Kim Hopper, PhD
- Professor of Clinical, Sociomedical Sciences
- Adjunct Professor, School of Law
Credentials & Experience
Education & Training
- MPhil, 1975 Columbia University
- PhD, 1987 Columbia University
Committees, Societies, Councils
George Foster Career Award in Practicing Medical Anthropology (2015)
Anthony Leeds Award in Urban Anthropology (2004)
Research Scientist Award, Office of Mental Health (1995)
Faculty, Bard Prison Initiative
Editorial Board, Community Mental Health Journal
Honors & Awards
Anthony Leeds Awards in Urban Anthropology, 2003
Finalist, C. Wright Mills Award, SSSP, 2003
Honorable Mention, Benjamin L. Hooks Institute, Book Award, 2003
- Community Health
- Mental health
Hopper, K. Afterword: Out of practice, in Cubellis, L. and Lester, R. (eds.) Primary Care: Ethnographic Studies in the Ambiguous Imperatives of Caring. Durham: Duke University Press, forthcoming.
Hopper, K. Book Symposium Comment on Grohmann, S. Ethics of Space. HAU: Journal of Ethnographic Theory, 2021.
Hopper, K., Van Tiem, J., Cubellis, I., Pope, L.G. Merging intentional peer support and dialogic practice: Implementation lessons from Parachute NYC. Psychiatric Services 71:199-201, 2020.
Lincoln, A., Adams, W., Eyllon, M., Garverich, S. Prener, C., Griffith, J. & Hopper, K. The double-stigma of limited literacy and mental illness: Examining barriers to recovery and participation among public mental health service users. Society and Mental Health 7:121-141, 2017.
Pope, L.G., Cubellis, L., Hopper, K. Signing on for dirty work: Taking stock of a public psychiatry project from the inside. Transcultural Psychiatry 53:506-526, 2016.
West, K.W., Hopkins, S.E., Hopper, K.J., Mohatt, G.V. and Boyer, B.B. Found in translation: Decoding local understandings of genetics and heredity in a Yup‚Äôik Eskimo community. Public Understanding of Science 22: 80-90, 2013.
Hopper, K. Reframing early psychiatric crises: A capabilities-informed approach. Journal of Human Development, Disability, and Social Change 20(2): 23-39, 2012.
Hopper, K. Rethinking social recovery in schizophrenia: What a capabilities approach might offer. Social Science and Medicine 65: 868-879, 2007.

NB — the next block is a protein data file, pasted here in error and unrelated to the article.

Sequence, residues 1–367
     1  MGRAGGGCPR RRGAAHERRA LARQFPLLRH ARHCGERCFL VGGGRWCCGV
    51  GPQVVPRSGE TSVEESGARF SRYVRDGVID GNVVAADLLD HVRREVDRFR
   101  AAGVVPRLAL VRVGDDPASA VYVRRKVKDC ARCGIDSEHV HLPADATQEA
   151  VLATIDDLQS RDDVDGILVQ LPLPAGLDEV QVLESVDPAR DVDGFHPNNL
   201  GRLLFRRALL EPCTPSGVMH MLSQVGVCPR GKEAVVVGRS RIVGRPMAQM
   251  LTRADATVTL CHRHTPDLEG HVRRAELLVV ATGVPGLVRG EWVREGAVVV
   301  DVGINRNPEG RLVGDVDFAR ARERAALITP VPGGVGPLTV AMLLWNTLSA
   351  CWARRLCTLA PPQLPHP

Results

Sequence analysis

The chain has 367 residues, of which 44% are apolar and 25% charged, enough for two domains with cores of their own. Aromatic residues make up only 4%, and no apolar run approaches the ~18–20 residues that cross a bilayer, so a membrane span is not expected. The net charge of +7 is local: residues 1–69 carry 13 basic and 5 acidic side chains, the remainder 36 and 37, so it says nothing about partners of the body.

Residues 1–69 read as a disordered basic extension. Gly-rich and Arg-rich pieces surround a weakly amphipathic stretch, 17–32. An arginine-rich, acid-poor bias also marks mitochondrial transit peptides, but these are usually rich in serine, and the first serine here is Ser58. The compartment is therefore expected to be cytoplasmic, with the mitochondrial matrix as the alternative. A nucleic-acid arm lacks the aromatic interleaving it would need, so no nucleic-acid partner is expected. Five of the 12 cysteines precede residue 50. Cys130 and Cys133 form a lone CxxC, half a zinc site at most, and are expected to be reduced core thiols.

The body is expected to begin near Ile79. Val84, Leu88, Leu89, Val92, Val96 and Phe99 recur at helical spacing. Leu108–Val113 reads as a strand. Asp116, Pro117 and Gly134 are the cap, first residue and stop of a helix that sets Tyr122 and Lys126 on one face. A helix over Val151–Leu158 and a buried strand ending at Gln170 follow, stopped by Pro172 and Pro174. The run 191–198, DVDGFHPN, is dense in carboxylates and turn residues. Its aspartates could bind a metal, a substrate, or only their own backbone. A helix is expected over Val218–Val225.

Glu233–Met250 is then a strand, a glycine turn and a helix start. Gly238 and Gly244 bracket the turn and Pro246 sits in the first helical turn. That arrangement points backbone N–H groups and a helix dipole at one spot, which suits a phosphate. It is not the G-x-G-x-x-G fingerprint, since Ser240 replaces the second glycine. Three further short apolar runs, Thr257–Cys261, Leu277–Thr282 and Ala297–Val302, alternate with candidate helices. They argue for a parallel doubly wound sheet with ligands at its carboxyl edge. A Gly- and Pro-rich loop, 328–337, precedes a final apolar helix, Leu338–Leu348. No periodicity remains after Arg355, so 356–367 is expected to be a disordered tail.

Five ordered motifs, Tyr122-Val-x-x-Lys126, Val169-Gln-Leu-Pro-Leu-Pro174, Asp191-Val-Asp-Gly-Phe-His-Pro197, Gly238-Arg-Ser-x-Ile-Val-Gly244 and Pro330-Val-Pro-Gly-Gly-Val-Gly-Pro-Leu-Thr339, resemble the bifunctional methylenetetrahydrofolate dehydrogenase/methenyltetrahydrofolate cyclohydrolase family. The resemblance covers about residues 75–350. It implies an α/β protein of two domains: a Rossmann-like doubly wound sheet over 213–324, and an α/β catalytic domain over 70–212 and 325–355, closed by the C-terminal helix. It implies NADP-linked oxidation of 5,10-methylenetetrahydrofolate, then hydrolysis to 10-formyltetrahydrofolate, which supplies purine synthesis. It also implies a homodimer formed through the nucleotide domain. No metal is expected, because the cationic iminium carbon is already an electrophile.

Hopper, K., Wanderling, J., and Narayanan, P. To have and to hold: A cross-cultural inquiry into marital prospects after psychosis. Global Public Health 2(3): 257-280, 2007.
Hopper, K. Redistribution and its discontents: On the prospects of committed work in public mental health and like settings. Human Organization 65: 218-226, 2006.
Global Health Activities
WHO-Collaborative International Study of Schizophrenia: Dr. Hopper was senior editor of the final collection of reports (Oxford 2007) on this long-term follow-up study of treated incidence cohorts of clinically defined schizophrenia in 14 communities across 10 countries.
Adolescent Narratives of Resilience in Circumpolar Communities: As President's Professor at the University of Alaska-Fairbanks, Hopper consulted on this narrative-based approach to adolescent passages in the Circumpolar North (NW and SW Alaska, Norway, Siberia, and Nunavit, Canada).
Urban Health Activities
Homelessness History + Present: For over four decades Hopper has been investigating the history, causes, and public response to homelessness, with particular emphasis on legal aspects and advocacy. He has written extensively on the requirements of scholarship and the courts with respect to evidence and its interpretation in formulating public policy, and continues to advise the New York Coalition for the Homeless on research issues.
Mental Health and Public Policy: As Research Scientist at the Nathan Kline Institute, Dr. Hopper co-directed the Center to Study Recovery in Social Contexts, which built a portfolio of CBPR-based research that attempted to apply Amartya Sen's "capabilities" approach to the practice of public mental health.
Field School in Social Research Method: Hopper co-founded this experimental school for mental health peers -- people with long experience in the public mental health system -- to become conversant with research methods so as to be better able to read and critique the literature, participate in collaborative research efforts, and undertake their own inquiries.